We’re just hours away from the last transit of Venus until the year 2117. A transit is when a planet passes in front of the sun, revealing itself as a tiny black dot on the sun’s face. Transits in the 18th century helped us figure out the dimensions of the solar system, which are now well known. But the 2012 transit will still provide information that could help astronomers understand distant exoplanets.
“During a transit you get a tiny bit of light that passes through the planet’s atmosphere, if it has an atmosphere. And so, if you tease that out you then can start doing all kinds of interesting science on the atmosphere itself.”
Mark Anderson, author of The Day The World Discovered The Sun, about the 18th-century Venus transits.
“So there are going to be telescopes all over the world, and what they’re all going to be looking for is the about 0.001 percent of the sun’s light that has also passed through the atmosphere of Venus during the transit. That’s interesting to astronomers—they can work backwards from that light and figure out, well, what is the chemistry in Venus’s atmosphere.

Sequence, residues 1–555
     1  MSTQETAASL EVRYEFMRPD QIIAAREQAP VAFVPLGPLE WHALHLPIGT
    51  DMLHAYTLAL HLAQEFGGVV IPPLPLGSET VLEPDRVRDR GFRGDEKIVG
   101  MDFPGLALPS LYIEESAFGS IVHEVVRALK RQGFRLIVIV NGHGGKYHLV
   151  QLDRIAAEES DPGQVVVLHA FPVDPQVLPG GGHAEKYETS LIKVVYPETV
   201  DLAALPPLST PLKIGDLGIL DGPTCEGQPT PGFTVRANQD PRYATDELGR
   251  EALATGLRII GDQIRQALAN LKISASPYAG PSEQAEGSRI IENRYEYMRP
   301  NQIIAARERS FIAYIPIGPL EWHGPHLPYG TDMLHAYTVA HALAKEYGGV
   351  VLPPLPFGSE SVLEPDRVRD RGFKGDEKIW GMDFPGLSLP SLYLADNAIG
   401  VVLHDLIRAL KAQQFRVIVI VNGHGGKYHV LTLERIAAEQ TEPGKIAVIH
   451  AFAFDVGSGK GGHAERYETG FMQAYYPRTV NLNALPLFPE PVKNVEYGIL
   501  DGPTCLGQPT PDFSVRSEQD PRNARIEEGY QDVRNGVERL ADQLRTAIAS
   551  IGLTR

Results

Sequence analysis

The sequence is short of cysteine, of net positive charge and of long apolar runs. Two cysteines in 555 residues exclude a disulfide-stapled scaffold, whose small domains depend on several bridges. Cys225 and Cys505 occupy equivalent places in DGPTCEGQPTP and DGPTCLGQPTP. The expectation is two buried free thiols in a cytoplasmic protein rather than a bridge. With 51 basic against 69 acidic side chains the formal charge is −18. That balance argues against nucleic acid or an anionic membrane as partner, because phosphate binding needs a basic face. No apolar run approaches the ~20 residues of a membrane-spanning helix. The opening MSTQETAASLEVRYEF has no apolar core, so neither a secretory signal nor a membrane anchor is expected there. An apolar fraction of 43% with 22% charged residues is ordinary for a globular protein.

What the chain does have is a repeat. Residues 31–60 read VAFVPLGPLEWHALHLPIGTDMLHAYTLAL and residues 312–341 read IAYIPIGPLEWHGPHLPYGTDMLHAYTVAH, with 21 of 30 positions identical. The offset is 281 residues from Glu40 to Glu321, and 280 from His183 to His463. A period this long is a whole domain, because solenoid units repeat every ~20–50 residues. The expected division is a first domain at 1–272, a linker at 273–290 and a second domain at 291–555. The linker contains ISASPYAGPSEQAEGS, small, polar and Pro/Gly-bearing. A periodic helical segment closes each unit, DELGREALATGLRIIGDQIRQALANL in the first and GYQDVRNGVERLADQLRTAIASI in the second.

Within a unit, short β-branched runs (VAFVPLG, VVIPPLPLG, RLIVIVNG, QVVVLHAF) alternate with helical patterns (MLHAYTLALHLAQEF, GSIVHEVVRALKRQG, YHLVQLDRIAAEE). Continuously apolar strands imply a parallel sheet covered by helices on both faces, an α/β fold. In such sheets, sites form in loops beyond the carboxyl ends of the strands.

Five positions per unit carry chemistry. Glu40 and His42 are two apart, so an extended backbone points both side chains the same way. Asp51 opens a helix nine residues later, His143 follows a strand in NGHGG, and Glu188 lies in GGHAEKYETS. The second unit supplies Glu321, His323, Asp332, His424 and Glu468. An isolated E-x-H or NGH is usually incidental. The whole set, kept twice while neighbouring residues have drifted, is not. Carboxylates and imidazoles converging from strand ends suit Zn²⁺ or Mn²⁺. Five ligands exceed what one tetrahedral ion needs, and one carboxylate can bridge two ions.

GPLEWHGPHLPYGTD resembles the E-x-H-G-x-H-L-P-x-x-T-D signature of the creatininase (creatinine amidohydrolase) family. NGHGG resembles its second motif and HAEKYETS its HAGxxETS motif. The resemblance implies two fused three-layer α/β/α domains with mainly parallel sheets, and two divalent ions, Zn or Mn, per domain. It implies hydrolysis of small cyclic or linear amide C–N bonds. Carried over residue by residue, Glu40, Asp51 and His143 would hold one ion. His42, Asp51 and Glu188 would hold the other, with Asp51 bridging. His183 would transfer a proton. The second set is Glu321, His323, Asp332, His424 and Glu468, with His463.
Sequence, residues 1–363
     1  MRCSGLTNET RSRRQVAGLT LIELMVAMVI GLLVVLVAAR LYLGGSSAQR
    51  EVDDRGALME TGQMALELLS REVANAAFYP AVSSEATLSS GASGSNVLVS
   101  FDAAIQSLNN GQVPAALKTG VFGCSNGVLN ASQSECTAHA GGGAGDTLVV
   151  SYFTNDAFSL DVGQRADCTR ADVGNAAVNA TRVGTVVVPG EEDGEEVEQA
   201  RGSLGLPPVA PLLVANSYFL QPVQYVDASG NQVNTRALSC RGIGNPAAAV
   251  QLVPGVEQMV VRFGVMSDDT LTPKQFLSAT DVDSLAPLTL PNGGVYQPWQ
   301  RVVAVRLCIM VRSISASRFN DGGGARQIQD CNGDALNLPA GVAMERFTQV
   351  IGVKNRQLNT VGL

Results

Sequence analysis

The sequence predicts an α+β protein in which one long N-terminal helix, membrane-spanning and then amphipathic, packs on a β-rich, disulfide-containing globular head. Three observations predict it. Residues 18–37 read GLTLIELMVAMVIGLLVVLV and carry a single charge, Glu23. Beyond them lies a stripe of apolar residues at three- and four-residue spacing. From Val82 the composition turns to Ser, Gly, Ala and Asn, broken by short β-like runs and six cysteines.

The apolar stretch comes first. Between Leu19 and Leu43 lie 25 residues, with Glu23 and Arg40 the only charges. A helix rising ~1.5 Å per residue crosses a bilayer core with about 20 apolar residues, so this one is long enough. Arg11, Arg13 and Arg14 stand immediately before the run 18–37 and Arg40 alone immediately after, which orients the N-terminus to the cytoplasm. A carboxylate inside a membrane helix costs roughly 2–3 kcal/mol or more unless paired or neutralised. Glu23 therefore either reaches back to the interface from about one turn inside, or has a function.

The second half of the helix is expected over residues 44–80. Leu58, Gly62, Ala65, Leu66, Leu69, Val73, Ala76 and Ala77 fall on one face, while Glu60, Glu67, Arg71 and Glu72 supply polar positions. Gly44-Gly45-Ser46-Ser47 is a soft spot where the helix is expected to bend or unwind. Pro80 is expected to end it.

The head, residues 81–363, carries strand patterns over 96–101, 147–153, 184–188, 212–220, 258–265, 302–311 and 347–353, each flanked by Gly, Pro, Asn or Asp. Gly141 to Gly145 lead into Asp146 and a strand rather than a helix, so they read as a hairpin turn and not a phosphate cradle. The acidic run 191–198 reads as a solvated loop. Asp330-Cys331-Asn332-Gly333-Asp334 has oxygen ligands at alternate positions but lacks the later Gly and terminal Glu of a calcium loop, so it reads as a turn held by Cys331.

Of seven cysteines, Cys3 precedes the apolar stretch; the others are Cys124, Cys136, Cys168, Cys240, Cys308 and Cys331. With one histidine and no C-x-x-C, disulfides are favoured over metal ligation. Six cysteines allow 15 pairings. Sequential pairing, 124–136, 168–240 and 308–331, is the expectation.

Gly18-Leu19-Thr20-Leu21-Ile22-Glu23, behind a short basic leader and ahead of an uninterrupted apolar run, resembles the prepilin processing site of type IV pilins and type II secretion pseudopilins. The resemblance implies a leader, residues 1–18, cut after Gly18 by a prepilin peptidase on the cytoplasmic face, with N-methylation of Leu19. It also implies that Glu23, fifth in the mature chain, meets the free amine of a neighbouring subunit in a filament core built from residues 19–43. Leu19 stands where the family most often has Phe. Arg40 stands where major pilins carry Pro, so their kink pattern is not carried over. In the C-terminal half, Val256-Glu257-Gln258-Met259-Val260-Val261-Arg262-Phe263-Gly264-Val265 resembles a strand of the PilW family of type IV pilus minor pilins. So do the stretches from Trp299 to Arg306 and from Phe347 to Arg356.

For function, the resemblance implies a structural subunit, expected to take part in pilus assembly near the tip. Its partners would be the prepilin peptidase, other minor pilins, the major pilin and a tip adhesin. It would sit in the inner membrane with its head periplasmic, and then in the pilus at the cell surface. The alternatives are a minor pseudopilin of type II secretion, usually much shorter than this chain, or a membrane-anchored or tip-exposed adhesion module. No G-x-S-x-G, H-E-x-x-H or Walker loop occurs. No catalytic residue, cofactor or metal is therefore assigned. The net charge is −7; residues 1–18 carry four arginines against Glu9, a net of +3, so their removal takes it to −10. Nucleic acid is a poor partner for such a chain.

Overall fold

“So what the Venus transit allows us to do is to study a known system, where we know Venus, we understand its atmosphere relatively well, we understand the sun’s light relatively well. The one thing we don’t have a good picture of is what does it look like when Venus transits directly in front of the sun and we study that light very carefully. Then you can take the things that we learn from studying the transit of Venus and apply it to a transit of another planet elsewhere in the galaxy and maybe even someday study its atmosphere.
“So that’s why the Venus transit is really helpful, because it lets us do kind of a test case where we understand all the parameters, and then we apply all that knowledge to studying these planets elsewhere in the galaxy.”
[The above text is a transcript of this podcast.]